The structure of the paper is the following. In the next section I summarize and contrast the main aspects of internal shock and magnetic reconnection models for the prompt GRB emission. The dynamics of the flow in the reconnection model and the radiative transfer in the flow are the topic of Sects. 3 and 4 respectively. The resulting spectra and their direct comparison with multi-frequency observations (from optical to -rays; see Page et al. 2007) of GRB 061121 are presented in Sect. 5. I discuss the results and conclude in Sect. 6.

## 2 Magnetic reconnection versus internal shocks

The internal shock model for the GRB emission invokes high variability in the bulk Lorentz factor of the flow that leads to internal collisions. The location where the collision of two shells takes place depends on their initial separation and bulk Lorentz factors. These collisions can dissipate a substantial fraction of the kinetic energy of the flow. Internal shocks are assumed to lead to particle acceleration and magnetic field amplification at the shock front. If electrons receive a large fraction of the dissipated energy then they are accelerated to ultrarelativistic speeds. They cool down radiatively by synchrotron and inverse Compton mechanisms. The resulting spectrum and the relevant radiative mechanisms depend on details of the distribution of the accelerated particles, the magnetic field strength and the Thomson optical depth of the flow at the location of the collision. If the collision of two shells takes place at the Thomson thin region, as needed to explain the typical variability properties of the GRB lightcurves (Daigne & Mochkovitch 1998; Nakar & Piran 2002; Mimica et al. 2005), synchrotron self Compton is likely the most promising radiative mechanism (Rees & Mészáros 1994; Katz 1994; Tavani 1996). In this picture optically thin synchrotron emission dominates the observed hard X-ray, MeV spectrum. Despite its attractive features, the synchrotron model has theoretical and observational difficulties (as discussed, for example, in Ghirlanda et al. 2003). If, on the other hand, the collisions take place close to the Thomson photosphere, Compton scattering is the dominant radiative mechanism that shapes the spectrum and results in very different emission (Pe’er et al. 2006).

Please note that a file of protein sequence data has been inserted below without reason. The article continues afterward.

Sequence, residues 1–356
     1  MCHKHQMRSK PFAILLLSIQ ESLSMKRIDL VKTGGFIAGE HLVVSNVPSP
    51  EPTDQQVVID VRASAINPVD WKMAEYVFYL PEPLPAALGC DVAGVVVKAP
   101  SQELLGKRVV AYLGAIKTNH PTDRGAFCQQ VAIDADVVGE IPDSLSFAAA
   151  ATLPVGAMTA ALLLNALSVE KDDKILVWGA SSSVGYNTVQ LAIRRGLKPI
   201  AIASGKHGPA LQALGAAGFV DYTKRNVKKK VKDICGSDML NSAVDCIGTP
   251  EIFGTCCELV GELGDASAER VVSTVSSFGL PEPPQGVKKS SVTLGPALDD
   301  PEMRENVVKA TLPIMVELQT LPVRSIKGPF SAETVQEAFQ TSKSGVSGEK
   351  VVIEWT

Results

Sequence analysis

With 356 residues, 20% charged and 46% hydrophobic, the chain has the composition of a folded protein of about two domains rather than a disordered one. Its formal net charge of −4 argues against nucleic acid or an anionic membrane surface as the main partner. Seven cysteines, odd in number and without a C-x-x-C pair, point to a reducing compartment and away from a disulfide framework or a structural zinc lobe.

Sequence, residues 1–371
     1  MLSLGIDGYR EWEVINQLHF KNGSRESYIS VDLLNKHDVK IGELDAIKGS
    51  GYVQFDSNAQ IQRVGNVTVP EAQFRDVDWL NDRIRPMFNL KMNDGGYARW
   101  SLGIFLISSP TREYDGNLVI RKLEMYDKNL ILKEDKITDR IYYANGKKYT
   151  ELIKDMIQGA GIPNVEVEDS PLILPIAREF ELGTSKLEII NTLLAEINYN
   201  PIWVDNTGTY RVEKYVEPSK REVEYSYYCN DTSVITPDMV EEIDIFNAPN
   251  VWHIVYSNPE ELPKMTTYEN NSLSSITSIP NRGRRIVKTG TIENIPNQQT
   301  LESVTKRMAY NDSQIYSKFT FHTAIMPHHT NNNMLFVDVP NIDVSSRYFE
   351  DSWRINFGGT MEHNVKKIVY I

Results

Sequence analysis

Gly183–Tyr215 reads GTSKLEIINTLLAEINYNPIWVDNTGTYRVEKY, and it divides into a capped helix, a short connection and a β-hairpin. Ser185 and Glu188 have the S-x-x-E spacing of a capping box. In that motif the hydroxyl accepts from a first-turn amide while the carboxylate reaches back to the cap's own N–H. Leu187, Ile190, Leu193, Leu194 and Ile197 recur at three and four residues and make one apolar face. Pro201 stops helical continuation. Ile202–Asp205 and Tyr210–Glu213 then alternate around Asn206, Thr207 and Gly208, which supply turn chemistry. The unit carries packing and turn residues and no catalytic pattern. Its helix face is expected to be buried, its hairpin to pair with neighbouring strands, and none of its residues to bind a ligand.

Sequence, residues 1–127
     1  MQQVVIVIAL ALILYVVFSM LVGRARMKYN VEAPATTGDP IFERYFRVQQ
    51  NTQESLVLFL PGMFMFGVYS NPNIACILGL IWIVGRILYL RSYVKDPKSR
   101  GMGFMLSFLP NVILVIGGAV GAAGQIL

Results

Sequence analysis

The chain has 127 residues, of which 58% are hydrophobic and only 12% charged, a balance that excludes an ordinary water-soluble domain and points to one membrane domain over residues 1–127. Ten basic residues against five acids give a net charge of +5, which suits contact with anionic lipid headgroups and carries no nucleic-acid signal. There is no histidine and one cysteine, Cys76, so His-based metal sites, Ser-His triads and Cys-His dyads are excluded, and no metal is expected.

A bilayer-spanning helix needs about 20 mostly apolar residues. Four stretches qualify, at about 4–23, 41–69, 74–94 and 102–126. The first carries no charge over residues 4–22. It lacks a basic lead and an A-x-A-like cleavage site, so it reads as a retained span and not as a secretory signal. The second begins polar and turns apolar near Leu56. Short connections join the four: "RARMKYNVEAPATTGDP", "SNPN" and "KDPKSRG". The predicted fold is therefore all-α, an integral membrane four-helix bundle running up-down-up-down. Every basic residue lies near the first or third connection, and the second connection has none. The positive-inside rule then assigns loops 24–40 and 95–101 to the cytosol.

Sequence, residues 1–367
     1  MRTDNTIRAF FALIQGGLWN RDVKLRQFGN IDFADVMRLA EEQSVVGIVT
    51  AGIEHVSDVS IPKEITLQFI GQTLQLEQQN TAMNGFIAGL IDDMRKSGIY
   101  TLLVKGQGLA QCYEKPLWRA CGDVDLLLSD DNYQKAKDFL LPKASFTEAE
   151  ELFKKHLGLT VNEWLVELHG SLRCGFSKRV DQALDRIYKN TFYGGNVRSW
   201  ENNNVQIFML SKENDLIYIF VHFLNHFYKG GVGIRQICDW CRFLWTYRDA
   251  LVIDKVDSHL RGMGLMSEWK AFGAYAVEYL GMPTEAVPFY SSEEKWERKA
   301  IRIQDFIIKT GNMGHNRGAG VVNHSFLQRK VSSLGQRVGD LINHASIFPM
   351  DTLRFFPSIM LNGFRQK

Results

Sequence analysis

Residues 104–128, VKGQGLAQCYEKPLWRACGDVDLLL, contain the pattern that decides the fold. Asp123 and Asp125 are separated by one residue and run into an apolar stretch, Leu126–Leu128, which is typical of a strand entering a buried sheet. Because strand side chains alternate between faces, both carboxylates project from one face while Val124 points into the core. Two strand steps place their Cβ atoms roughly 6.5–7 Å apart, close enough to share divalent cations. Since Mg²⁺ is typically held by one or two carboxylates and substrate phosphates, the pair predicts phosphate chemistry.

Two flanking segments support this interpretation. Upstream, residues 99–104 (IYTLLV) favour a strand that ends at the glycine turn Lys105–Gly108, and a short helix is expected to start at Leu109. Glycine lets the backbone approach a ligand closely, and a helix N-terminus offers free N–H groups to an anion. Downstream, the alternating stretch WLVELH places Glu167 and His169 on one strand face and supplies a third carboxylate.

As an alternative to internal shocks, magnetic dissipation can power the prompt emission provided that the flow is launched Poynting-flux dominated (or with a substantial fraction of its energy in the form of Poynting flux). Magnetic dissipation through, for example, reconnection can release energy smoothly in a large fraction of the volume of the flow. This energy release can take place while the flow expands over several decades in radius (DS02). The energy of the radiating particles is determined by balancing heating and radiative (or adiabatic) cooling at each radius. In this case the slow heating picture described by Ghisellini & Celotti (1999) takes place. The electrons are subrelativistic or mildly relativistic and their synchrotron emission is self absorbed. In a strongly magnetized flow, such SSA emission guarantees efficient energy exchange and thermalization of the electrons on a very short timescale (Ghisellini et al. 1998). The resulting emission does not depend on details of particle acceleration and magnetic field amplification that one faces in internal shock models. The model is defined by just the luminosity, the baryon loading and the reconnection-rate parameter of the flow. This contributes significantly to the predictive power of the magnetic reconnection model. The total observed flux is the integrated emission from the different parts of the flow in which dissipation of energy takes place. It contains both photospheric (Thompson 1994; Stern 1999; G06; GS07) and Thomson thin components (this work).

### 2.1 Implications from the observed GRB variablity

One additional difference of the internal shock and the magnetic reconnection model is connected to implications from the observed variability of the lightcurves. Internal shocks are efficient only in variable flows. Variability and dissipation are, a priori, unrelated in the magnetic reconnection model in which dissipation takes place, even in a steady outflow. On the other hand, the observed lightcurves are often highly variable showing that the flow does evidently evolve during a GRB. In the context of the reconnection model, the observed variability reflects changes in the luminosity and baryon loading of the flow during the burst. As shown in GS07, the flow can be treated as quasi-stationary for all but the shortest time scales observed in a burst, the variation of spectral properties during a burst directly reflects variations in the central engine. This is in contrast to models in which the prompt radiation is produced at much larger distances from the source, such as external shock models. It is also in contrast with the internal shock model, since the internal evolution of the flow between the source and the level where radiation is emitted is a key ingredient in this model. Deducing properties of the central engine from observed burst properties is thus a much more direct prospect in the magnetic dissipation model.

## 3 Gradual energy release because of magnetic reconnection